Some things have been sticking with me lately. Stories that I can’t shake. Women I wish I knew, could sit next to, siphon strength off of. I first read Lauren Holmes’ story “How Am I Supposed to Talk to You” in Granta but I didn’t put two and two together until I was reading it again in Holmes’ new book of short stories Barbara the Slut and Other People (Riverhead Books, 2015) when the first paragraph was like recognizing an old friend in an unexpected place. The women in these stories are so interesting, struggling with completely different issues in their day-to-day but belonging in this book equally. The character who takes a job working at a sex toy store in “Desert Hearts” where she hides from the pressure and expectation of early adulthood after graduating from law school. The titular high school student Barbara who vows to never sleep with the same guy twice and because of that is never really seen by anyone other than her autistic brother, waiting for the promise of university to save her from a school of narrow-minded bullies. “My Humans,” a story narrated by a lovably smelly rescue dog who is witness to all the strange smells and emotional misunderstandings of a failing relationship. God knows what dogs pick up on that we just can’t but this stood out to me as one of the strangest and enjoyable stories I’ve read in a long time. While not all the 10 stories holds the same magic that the ones I’ve talked about here, they are all truly fascinating as a primer on what Holmes is capable of.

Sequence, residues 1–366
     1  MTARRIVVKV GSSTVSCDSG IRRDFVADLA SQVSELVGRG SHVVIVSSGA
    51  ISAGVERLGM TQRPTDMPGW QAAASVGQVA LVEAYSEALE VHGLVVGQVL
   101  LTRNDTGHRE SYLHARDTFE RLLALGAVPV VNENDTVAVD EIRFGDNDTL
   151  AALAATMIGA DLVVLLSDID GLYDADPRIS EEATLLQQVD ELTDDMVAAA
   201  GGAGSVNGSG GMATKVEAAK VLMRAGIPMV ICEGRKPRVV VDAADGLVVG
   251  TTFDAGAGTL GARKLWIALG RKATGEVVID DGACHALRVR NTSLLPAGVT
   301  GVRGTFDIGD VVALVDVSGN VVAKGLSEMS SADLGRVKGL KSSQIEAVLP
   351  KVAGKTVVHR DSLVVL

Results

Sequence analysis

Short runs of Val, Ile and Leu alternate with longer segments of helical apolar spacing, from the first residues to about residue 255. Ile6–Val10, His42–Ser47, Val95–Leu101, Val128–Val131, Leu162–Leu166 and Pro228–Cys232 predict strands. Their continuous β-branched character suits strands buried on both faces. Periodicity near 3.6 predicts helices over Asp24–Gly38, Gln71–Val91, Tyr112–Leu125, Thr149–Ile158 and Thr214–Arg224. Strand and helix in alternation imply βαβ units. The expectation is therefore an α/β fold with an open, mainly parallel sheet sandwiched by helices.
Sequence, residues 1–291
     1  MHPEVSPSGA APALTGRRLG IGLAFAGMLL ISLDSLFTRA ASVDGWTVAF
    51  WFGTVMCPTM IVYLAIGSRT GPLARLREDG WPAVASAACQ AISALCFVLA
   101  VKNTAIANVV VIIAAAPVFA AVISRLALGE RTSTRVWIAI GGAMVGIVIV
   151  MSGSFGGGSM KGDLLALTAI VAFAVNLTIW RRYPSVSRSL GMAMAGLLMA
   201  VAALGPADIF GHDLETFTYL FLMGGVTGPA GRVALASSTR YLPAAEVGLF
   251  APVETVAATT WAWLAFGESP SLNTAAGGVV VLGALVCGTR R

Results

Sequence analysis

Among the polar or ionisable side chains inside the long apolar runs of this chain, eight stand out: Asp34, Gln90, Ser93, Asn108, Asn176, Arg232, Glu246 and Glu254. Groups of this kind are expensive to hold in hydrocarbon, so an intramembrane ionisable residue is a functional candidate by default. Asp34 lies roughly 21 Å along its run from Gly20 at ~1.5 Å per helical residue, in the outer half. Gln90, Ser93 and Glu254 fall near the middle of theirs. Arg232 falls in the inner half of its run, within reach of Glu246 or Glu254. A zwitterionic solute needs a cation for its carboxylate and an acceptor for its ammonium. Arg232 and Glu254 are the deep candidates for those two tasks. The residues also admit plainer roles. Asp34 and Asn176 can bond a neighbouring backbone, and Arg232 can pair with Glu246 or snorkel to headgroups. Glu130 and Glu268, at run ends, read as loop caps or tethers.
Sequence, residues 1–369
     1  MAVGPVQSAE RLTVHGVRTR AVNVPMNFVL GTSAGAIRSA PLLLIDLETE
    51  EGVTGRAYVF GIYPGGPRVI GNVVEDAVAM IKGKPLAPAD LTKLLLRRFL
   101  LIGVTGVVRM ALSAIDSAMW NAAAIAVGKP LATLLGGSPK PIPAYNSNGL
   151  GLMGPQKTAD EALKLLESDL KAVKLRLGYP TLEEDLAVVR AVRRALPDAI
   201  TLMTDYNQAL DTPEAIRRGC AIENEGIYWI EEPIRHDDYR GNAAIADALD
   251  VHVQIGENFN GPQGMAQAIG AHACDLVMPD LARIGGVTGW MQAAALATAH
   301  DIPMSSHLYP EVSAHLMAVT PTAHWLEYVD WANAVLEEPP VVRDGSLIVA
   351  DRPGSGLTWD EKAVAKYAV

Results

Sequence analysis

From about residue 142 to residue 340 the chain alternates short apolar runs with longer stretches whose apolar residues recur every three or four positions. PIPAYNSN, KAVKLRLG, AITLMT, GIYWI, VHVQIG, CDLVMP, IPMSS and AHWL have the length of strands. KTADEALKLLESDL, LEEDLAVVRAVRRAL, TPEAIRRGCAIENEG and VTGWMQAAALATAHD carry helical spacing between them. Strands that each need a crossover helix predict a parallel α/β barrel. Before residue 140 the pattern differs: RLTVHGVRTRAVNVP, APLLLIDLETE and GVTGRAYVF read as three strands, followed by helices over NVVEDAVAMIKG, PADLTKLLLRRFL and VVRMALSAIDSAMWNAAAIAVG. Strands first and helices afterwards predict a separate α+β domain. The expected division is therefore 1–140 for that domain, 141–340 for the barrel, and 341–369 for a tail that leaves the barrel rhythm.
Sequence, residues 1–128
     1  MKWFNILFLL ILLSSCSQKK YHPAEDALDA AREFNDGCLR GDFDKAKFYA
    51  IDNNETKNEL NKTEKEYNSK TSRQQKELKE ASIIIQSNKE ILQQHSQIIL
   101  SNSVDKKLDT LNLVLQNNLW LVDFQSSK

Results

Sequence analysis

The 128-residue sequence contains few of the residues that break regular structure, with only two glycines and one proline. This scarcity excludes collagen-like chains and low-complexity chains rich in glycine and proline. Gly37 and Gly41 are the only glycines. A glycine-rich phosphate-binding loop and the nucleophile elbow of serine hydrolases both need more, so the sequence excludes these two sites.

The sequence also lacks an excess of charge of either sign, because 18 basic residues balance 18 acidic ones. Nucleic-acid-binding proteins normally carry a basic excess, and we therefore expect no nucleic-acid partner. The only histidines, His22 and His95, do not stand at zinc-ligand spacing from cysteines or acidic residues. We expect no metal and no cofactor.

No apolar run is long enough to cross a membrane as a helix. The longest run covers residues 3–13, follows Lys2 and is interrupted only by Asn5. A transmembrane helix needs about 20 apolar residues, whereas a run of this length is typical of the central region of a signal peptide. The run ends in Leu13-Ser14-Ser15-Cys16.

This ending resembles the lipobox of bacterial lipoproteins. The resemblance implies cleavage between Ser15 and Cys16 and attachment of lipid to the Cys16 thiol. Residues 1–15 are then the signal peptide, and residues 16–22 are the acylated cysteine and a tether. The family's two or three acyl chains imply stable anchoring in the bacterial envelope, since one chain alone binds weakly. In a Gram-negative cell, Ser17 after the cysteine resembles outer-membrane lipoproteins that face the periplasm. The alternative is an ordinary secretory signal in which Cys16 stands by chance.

I’ve read so much this year, and often when I finish a book I think about what I would say about it but then it’s gone and I’m on to the next one. This book made me pause. Made me stare out the bus window for a stretch and just sit, so content in what I had just experienced. It’s not often that a novel, let alone a book of short stories will do that to me. It’s been a good season for great books. I’ve been meaning to write about others–Fates and Furies by Lauren Groff, Between the World and Me by Ta-Nehisi Coates, His Whole Life by Elizabeth Hay.
Hopefully, I’ll get around to that too but I’ve been curled up all day watching Aziz Ansari’s new show Master of None on Netflix. What a great great show. It has so much to say about diversity on TV, sexism and has one of the best on-screen relationships I’ve seen since Coach and Tami. There’s joy in a show like this, and a level of craft that you might not expect from Aziz but he co-wrote and produced it, so I’ve got to give it to him. The episode Indians on TV in particular really sat with me, using real footage from other television shows of Indian stereotypes. I can’t wait to see where it goes in season two.